Tuesday, December 23, 2014

The Good Enough Marriage. . .

From Henny Youngman's old joke Take my wife. . . please to the oft repeated zing, I have been married 40 years, 6 of them happy, marriages have long been the fodder for humor and humorists.  The truth is, however, that we have high expectations of our spouses and of the institution called marriage.  Many shy away from marriage because they fear their expectations will not (or cannot) be met.  They are probably right (not to shy away from marriage but that our unrealistic expectations will probably not be met).

There is nothing essentially wrong with wanting it all but it will most certainly lead to disappointment if we are unprepared for the routine and ordinary side of marriage.  Indeed, the essential character of marriage is that of a sacrificial calling -- by its very nature.   Our pursuit of the great and magnificent marriage may leave us victims of an unfulfillable dream and cause us both to despair and ditch marriages that are anything less than our hopes and dreams.

Mark Regnerus, blogging for First Things, has begun a conversation about a marriage which may not be star quality but which is "good enough".  I think he has done us a service by asking some good questions.  As we prepare for another stressful holiday season, some of those married may wonder if it is not about time to depart from marriages that are not reaching the heights of glory, deciding that good enough is no longer enough good to justify remaining therein, and seeking something better.  A "do-over" that starts with a divorce and another stab at marriage may seem attractive but it brings to bear its own problems.  Would it not be easier to try a do-over with your spouse now? 

Read Regnerus and see if you do not come out asking with me: “Wouldn’t it be better to limp to the finish line, with the help of others, than quit the race?”   It is our great temptation to idealize, romanticize, and fantasize about marriage.  Living in the dream world of such impossible goals, it is also our great temptation to diminish and demean our spouses and our lives together.  Such are surely recipes for despair and, at the same time, recipes for future disappointment.

Frankly, I do not know many people who don't think "I am not happy with my marriage" at least every other day.  It happens.  Marriage is where the masks come off, where the stresses and struggles of the day are unloaded, and where we dump on one another -- not out of meanness or rudeness but because it is the place where we have a listener and a support to depend upon.  If marriage is a place where we practice the kind of sacrificial giving that Scripture envisions, then marriage will also require labor and cost us something.  Most certainly there will be times when our sinful nature asks if we are getting a decent return on our investment.  Yet it is at times like those when marriage is most noble and beautiful -- love that does not count the cost of loving!  Surely this, too, is a Christian mark of marriage.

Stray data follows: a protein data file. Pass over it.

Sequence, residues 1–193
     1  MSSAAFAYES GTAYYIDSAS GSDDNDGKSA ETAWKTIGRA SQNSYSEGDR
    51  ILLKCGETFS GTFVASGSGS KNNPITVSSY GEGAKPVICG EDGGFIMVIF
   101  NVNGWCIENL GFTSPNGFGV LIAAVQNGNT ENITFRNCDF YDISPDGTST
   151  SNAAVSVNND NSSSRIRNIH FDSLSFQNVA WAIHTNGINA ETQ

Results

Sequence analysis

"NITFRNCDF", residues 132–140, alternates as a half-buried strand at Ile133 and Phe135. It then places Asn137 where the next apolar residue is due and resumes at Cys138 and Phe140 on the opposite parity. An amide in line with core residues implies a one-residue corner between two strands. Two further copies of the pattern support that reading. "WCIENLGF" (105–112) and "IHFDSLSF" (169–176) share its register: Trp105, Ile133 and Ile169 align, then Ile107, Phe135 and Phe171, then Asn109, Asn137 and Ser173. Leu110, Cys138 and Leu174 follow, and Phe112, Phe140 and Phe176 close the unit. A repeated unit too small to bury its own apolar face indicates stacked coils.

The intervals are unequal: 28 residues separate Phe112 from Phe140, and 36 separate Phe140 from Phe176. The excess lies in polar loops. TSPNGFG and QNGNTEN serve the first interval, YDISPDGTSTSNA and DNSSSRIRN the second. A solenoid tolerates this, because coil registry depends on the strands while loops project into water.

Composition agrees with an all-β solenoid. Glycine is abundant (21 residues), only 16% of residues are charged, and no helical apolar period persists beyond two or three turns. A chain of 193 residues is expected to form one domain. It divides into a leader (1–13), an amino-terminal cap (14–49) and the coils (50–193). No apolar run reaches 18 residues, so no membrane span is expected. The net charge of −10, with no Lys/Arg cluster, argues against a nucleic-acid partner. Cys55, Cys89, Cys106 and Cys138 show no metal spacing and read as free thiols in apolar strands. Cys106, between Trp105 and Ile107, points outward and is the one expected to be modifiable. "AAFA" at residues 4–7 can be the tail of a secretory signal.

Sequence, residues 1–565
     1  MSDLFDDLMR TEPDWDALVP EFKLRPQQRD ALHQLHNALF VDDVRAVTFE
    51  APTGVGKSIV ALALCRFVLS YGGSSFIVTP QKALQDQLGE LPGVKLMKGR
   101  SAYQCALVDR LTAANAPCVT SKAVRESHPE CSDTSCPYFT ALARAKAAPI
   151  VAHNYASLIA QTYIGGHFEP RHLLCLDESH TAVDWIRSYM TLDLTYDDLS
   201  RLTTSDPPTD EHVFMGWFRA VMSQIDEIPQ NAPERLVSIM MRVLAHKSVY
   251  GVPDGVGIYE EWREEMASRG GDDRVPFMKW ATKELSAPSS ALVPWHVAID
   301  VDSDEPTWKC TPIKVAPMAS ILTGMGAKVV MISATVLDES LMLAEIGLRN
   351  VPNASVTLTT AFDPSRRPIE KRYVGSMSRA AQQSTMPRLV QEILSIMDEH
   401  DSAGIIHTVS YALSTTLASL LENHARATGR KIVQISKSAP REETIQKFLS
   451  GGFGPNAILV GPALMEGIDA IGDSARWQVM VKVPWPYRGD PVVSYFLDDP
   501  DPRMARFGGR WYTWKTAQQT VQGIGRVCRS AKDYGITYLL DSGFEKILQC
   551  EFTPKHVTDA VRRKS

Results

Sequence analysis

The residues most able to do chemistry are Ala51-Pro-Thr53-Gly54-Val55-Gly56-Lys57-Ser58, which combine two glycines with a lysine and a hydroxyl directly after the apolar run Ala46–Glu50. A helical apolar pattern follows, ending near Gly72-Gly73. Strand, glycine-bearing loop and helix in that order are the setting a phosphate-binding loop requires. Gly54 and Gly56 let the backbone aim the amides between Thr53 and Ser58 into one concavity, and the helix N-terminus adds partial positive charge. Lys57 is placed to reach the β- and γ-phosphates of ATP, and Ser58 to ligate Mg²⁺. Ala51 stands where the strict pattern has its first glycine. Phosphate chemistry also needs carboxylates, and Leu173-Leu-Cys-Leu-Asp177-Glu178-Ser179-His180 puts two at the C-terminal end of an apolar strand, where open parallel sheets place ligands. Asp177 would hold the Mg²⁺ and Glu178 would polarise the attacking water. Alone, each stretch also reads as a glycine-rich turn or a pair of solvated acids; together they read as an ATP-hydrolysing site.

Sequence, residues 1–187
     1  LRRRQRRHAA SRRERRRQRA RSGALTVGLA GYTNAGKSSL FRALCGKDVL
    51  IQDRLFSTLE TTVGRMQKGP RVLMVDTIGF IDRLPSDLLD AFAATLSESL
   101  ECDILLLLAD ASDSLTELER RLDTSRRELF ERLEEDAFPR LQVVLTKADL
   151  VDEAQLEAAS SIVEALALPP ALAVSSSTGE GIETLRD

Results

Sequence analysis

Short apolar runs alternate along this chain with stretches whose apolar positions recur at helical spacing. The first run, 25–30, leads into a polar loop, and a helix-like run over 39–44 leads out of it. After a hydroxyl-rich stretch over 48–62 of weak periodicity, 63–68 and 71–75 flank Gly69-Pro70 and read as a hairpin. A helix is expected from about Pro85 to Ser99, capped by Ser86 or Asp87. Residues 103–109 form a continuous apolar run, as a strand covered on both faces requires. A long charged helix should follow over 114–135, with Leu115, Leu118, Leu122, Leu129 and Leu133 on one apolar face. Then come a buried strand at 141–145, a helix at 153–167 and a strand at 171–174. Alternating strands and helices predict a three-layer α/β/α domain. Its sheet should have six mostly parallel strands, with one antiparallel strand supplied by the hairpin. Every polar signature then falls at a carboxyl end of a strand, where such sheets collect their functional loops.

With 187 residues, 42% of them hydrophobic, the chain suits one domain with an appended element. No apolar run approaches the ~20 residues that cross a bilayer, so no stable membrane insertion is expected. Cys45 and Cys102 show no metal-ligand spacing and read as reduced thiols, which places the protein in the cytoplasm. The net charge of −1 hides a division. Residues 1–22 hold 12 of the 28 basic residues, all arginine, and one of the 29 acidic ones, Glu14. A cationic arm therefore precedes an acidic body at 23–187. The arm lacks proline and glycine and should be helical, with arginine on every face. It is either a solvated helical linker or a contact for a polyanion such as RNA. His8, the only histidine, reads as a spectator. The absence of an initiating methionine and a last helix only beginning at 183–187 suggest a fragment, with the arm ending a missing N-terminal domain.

Some studies suggest that the more we try to tune into ourselves, define and pursue our individual happiness, and weigh the costs and benefits of marriage, the greater the danger that we will give up on our marriages.  Interestingly, those deep into social media are seemingly less happy about their marriages than those not into these things.  In the end, there are a thousand reasons why to ditch a marriage and there is one very large reason to stay, to work it out, to tough it out, and to endure. . . for better or worse, in sickness and in health, to love and to cherish til death parts us. . .  Marriage that judges beyond the snapshot of the moment has a much better chance of enduring and marriage that endures is a good thing.

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